Tidying Up Beyond Marie Kondo

By James Wallace Harris, Tuesday, August 23, 2016

The KonMari Method of tidying up one’s life focuses on household possessions, but I’ve been thinking of ways of decluttering my mind, my routine activities, my computer, my physical and digital subscriptions, and what I own in the cloud. In the 21st century, ownership can be quite different from the 20th century, because many of the things we once physically held can be digitized. Then, there’s the whole issue of own versus rent – house v. apartment, car v. Uber, DVDs v. Netflix, magazines v. Texture, CDs v. Spotify.

I have many rooms in the cloud that need tidying up.


For example, I have this blog at Auxiliary Memory, but I also have a traditional web site at a hosting service for The Classics of Science Fiction. That site has been static for years because I’ve forgotten how to program in PHP and MySQL. I’ve been meaning to update my data, but that would mean a tremendous amount of work. I recently moved the content from my web site to this site, and that has simplified things. I will soon be able to cancel my hosting service. One less bill, and one less room in the cloud to keep tidy.

My friend Mike and I are working to update the Classics of Science Fiction list. My first plan to simplify was to move from a hosted MySQL server to using Access on my local computer. Then Mike suggested we jettison the database and use a spreadsheet for our data. Even simpler. Then we decided to even jettison the spreadsheet, and keep the data in .csv text files that we process on the fly. Mike is writing a program that will generate HTML code for using on my blog. Once you take the tidying up process beyond mere possessions, it become obvious that clutter is everywhere.

Another way I could reduce the psychological clutter in my life is by focusing my writing. Right now I write about whatever idea grabs my fancy – often because I’m fascinated by everything. The trouble is I can put in hours of work on some ideas and get no readers, and for other topics get hundreds of hits. Auxiliary Memory could be greatly improved if I narrowed the topics I covered. This would spill over to my reading, documentary watching and thinking. I could declutter my mind by deciding which subjects I want to truly learn, and which I should ignore.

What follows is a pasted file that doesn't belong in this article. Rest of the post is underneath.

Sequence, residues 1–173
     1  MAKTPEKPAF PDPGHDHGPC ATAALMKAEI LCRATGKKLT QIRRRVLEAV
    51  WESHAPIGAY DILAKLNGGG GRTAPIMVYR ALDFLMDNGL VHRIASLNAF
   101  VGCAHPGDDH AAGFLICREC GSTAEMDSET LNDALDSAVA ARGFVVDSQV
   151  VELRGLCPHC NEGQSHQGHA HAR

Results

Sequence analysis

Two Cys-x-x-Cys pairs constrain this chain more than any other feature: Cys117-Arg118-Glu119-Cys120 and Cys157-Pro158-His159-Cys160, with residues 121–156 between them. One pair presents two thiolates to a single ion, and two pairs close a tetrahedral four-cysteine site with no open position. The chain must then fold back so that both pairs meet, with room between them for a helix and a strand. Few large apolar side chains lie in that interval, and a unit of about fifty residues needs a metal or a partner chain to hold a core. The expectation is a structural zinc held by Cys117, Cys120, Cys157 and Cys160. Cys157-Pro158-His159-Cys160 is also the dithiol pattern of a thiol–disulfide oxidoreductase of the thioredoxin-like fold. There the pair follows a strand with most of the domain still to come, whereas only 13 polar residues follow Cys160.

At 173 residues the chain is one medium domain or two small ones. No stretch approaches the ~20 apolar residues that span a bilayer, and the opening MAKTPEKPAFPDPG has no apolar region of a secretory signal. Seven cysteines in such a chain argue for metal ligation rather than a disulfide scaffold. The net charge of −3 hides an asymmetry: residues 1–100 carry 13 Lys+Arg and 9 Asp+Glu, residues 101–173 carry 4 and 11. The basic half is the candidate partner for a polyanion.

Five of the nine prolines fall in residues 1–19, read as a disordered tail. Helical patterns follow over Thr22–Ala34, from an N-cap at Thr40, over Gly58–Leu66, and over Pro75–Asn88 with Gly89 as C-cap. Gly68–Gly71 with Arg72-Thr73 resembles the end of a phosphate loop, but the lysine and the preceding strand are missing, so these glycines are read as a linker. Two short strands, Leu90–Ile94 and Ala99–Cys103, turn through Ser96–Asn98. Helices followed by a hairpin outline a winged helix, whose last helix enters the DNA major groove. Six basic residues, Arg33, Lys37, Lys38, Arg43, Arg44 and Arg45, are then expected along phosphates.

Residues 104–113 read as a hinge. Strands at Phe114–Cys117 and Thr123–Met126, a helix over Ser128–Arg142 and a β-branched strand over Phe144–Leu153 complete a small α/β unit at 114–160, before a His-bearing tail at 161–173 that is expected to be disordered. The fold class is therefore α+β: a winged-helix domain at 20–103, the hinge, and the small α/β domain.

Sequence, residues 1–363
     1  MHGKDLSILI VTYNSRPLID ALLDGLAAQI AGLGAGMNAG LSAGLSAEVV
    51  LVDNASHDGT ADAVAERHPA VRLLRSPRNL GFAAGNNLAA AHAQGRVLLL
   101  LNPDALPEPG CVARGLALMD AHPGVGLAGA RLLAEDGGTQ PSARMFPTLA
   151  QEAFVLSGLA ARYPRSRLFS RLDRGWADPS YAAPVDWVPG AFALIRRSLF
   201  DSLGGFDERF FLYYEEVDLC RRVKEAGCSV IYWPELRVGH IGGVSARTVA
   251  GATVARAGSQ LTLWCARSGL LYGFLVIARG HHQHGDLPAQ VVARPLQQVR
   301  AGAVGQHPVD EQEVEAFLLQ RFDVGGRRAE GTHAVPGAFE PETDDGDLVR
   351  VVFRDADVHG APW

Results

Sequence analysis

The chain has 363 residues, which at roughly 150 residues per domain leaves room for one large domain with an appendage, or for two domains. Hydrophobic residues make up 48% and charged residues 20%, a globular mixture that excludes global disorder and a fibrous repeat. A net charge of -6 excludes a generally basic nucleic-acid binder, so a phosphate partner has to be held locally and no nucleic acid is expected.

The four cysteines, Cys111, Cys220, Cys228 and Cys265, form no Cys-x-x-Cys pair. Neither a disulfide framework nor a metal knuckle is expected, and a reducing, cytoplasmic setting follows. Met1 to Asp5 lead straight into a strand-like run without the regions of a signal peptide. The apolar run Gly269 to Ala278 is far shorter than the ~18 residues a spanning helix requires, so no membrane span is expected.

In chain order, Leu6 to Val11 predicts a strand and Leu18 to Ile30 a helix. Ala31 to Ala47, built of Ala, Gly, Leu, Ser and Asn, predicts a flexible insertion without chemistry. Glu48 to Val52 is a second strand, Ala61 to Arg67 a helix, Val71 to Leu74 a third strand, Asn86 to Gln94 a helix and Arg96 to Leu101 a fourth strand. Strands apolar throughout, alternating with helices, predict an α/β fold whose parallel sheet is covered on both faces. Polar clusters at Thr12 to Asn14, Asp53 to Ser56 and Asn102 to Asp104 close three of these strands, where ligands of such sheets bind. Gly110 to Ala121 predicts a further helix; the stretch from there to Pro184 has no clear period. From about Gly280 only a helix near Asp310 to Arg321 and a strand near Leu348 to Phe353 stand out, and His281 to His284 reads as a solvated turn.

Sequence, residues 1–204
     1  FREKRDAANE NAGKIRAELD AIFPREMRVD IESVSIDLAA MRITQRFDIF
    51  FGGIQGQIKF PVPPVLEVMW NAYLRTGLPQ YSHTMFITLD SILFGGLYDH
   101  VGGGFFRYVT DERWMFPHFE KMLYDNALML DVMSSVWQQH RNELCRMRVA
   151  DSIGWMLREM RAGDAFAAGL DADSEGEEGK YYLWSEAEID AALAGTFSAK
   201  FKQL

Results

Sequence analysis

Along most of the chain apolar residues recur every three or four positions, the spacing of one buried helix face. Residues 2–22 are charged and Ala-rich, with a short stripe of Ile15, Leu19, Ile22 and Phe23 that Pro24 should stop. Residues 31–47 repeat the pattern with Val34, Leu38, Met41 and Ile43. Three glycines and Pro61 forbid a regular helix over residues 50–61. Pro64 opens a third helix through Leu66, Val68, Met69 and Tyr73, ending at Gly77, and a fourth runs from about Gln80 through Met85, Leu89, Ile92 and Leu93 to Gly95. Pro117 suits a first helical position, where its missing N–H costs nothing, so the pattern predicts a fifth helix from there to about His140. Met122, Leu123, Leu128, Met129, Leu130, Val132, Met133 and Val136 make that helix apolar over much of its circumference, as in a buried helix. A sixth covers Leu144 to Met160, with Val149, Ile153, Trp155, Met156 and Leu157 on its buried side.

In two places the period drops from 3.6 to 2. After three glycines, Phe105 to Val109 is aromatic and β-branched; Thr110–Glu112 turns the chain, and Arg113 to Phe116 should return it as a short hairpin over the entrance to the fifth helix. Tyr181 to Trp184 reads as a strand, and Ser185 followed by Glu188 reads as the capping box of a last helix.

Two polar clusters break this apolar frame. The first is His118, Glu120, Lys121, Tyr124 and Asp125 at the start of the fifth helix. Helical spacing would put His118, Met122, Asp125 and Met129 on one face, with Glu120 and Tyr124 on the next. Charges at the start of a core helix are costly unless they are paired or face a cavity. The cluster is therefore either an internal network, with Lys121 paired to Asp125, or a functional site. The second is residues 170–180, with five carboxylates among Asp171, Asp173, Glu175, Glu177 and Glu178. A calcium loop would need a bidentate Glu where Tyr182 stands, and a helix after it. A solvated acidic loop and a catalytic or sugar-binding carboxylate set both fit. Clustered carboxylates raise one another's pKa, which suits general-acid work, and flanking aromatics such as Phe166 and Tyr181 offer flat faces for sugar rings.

Marie Kondo has a lot to say about getting rid of books. For a bookworm, that’s very hard to do. One way I’ve cheated is to stop buying physical books when I can, and bought ebooks instead. Out-of-sight is out-of-mind. But now my Kindle library is becoming cluttered. The same thing has happened with my music. I ripped my CDs and put them in the cloud, but I mostly play music from Spotify, so I have three large libraries of music to deal with – physical, cloud and rented. If I committed completely to Spotify I could simplify things greatly. I got rid of about 600 CDs, kept 600 that were my absolute favorites, and have another 600 I’m trying to decide if I should keep or jettison. I only play CDs on rare occasions. I wonder if it’s time go completely digital?

I moved my photographs to the cloud, so I have two large collections – one physical, one in the cloud. Is it time to commit to just one?

I gave up cable TV years ago, but ended up subscribing to several digital services. I just canceled Hulu, Pandora and The Great Courses Plus. They are all great services, but ones I seldom use. I was also subscribing to several digital magazines through the Kindle. I canceled them. I’m torn about Texture. It’s $15 a month and lets me read 150 magazines, but I hardly use it. On the other hand, it lets me have access to magazines that would otherwise clutter up the house. Then again, maybe it’s time to give up magazine reading. I actually spend most of my journalistic reading via free web content on my iPhone. I subscribe to The New York Times on the web. It’s great content. But I often forget to read it.